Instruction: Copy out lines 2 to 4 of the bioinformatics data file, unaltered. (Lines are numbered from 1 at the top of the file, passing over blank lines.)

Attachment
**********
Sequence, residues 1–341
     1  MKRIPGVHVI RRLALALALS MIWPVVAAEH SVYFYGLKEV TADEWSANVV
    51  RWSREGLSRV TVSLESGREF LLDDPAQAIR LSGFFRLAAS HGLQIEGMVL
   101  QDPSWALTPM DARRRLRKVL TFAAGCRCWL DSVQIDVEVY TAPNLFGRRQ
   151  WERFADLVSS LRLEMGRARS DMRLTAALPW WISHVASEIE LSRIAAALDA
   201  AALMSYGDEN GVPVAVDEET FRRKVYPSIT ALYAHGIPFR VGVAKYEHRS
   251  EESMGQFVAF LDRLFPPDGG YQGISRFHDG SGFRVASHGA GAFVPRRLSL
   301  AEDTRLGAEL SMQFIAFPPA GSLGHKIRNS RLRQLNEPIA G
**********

     1  MKRIPGVHVI RRLALALALS MIWPVVAAEH SVYFYGLKEV TADEWSANVV
    51  RWSREGLSRV TVSLESGREF LLDDPAQAIR LSGFFRLAAS HGLQIEGMVL
   101  QDPSWALTPM DARRRLRKVL TFAAGCRCWL DSVQIDVEVY TAPNLFGRRQ